In 1887 during a European honeymoon tour with Helen, Douglass, acting upon a gnawing compulsion, decided to visit Egypt. His motivation was at once personal, ideological, and scholarly. "I had a theory for which I wanted the support of facts in the range of my own knowledge." He wanted to use his observations of contemporary Egyptian society and culture and the remains of its past to decide whether the ancient Egyptians were primarily Negroid. He had assumed as much at least since the 1850s. If his findings supported this assumption, the knowledge could be used to fight "American prejudice against the darker colored races of mankind, and at the same time to raise colored people somewhat in their own estimation and thus stimulate them to higher endeavors." Essentially, therefore, the trip was designed to serve "an ethnological purpose." 1
From Paris in November 1886, Douglass had explained: "I have long been interested in Ethnology -- especially of the North African races. I have wanted the evidence of greatness under a colored skin to meet and beat back the charge of natural, original, and permanent inferiority of the colored races of men." 2 Rather than a disinterested empirical or scientific inquiry, for Douglass, ethnology was an interpretation of historical and sociocultural data reflecting his own biases. Indeed, he never labored under the delusions of detachment or objectivity. More important to him than mere ethnological data and interpretation were the moral, religious, humanist, ideological, and political bases and ramifications of ethnology and, especially, their consistent use to support white racism. Douglass's ethnological thought, then, formed an integral component of his continuing commitment to struggle both for black freedom and equality and against white racism. When considered together, nineteenthcentury ethnology and Douglass's ethnological thought prove mutually illuminating.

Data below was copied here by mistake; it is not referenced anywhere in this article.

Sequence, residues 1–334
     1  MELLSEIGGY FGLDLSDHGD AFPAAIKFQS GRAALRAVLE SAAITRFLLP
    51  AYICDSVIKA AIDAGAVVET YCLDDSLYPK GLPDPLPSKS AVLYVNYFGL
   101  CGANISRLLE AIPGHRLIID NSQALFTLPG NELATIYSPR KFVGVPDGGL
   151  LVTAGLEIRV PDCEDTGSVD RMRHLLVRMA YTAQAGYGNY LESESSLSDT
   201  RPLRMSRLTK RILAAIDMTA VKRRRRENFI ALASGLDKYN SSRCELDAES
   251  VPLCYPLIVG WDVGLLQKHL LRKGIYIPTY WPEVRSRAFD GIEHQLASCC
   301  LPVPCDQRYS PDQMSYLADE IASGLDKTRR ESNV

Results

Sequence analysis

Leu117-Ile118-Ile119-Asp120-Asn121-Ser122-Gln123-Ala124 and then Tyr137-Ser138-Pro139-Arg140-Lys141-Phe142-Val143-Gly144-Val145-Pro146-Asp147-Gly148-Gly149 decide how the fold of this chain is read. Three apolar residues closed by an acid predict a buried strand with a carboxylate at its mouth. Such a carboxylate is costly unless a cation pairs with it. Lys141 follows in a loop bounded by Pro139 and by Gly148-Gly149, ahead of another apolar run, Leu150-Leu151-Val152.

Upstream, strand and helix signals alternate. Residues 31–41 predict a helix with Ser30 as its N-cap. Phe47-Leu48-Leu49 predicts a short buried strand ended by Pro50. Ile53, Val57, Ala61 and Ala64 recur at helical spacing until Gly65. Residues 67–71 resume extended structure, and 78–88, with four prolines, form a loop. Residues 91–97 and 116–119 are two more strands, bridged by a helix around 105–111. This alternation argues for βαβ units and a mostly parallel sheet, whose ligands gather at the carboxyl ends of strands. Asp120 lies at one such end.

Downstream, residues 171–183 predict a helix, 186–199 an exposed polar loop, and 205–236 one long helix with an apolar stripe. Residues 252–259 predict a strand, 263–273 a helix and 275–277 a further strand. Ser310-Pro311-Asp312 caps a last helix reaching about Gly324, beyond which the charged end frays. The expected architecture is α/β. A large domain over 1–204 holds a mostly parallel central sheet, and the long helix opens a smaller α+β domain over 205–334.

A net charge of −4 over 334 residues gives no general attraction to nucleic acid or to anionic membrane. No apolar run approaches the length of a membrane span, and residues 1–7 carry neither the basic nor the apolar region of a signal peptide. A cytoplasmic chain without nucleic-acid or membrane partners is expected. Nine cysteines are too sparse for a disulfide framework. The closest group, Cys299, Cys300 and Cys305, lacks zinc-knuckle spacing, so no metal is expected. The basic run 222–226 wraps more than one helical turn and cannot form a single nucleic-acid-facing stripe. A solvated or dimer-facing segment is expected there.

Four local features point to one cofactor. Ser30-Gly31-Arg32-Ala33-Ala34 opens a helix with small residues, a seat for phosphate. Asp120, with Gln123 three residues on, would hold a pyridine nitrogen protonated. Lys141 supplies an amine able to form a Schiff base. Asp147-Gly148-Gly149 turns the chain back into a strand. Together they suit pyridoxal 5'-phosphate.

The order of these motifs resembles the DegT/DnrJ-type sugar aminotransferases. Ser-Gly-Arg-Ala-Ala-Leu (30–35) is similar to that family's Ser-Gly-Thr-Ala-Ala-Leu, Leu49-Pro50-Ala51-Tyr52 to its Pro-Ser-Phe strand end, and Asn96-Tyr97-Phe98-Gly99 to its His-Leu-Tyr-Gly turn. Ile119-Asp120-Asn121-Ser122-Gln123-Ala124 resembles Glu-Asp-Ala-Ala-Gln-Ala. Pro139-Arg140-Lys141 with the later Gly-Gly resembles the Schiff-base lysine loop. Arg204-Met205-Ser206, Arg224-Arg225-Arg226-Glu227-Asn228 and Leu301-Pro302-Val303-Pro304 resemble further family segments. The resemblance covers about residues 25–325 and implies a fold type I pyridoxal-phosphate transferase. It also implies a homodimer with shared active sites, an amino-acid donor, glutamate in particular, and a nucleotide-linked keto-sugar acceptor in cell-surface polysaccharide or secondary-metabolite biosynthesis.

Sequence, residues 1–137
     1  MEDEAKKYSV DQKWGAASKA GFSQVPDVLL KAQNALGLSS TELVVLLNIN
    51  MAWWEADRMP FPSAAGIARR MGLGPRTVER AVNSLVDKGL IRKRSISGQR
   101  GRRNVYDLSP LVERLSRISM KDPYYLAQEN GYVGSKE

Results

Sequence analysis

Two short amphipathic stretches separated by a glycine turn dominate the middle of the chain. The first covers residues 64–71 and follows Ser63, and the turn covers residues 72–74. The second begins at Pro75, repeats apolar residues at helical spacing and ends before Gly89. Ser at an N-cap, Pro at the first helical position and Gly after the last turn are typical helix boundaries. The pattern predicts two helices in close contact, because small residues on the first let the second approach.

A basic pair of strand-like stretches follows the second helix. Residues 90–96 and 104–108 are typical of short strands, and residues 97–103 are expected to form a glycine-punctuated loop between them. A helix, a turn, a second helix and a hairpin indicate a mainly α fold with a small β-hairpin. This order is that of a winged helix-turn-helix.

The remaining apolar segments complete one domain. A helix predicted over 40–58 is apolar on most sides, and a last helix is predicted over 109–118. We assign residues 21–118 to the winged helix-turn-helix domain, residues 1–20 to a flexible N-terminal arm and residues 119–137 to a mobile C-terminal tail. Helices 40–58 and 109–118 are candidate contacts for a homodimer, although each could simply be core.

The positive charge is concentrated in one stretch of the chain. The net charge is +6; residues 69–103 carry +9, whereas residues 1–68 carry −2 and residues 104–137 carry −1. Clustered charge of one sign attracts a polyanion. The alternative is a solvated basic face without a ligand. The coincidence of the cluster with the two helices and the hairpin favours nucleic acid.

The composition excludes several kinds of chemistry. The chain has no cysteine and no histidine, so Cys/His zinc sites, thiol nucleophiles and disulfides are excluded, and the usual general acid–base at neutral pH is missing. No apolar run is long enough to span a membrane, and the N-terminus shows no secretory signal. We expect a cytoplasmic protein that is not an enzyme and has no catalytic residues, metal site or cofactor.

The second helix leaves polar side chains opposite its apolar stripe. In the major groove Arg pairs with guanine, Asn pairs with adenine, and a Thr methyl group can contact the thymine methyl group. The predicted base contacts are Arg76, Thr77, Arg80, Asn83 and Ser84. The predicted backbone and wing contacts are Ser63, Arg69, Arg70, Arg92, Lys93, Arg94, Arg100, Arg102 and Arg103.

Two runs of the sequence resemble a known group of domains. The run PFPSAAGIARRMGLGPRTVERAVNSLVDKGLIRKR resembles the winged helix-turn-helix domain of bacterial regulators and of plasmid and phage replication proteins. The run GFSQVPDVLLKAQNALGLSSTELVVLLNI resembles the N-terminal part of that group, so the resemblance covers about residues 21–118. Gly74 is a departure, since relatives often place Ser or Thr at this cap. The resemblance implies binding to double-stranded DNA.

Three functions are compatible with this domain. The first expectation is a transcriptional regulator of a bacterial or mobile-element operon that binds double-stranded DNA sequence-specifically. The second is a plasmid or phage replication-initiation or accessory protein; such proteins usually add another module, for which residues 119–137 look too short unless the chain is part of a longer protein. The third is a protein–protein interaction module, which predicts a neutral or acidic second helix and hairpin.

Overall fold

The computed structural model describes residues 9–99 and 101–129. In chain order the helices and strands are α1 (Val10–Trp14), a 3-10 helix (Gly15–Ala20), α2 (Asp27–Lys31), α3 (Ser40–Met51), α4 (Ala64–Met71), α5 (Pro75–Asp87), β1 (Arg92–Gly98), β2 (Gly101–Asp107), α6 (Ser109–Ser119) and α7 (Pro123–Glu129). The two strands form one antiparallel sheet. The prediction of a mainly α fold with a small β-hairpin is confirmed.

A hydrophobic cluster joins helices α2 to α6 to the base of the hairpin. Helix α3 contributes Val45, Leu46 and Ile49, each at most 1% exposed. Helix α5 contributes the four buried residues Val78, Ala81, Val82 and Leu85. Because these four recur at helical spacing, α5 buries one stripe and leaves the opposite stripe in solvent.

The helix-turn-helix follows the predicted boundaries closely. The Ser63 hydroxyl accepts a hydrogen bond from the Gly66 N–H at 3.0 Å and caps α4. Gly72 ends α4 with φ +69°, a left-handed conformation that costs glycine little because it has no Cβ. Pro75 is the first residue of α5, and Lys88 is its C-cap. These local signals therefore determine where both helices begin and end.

Nineteenth-century ethnology, a key predecessor of twentieth-century anthropology, was the comparative study of human cultural variation, change, and development. 3 Because ethnology typically assumed an inextricable relationship between both cultural and historical development, it also constituted a form of cultural history. Practitioners of a broad and allegedly scientific discipline, ethnologists in the nineteenth century attempted to uncover the stages and meanings of human developments primarily in cultural and related physical terms and secondarily in historical terms. Nineteenth-century eth-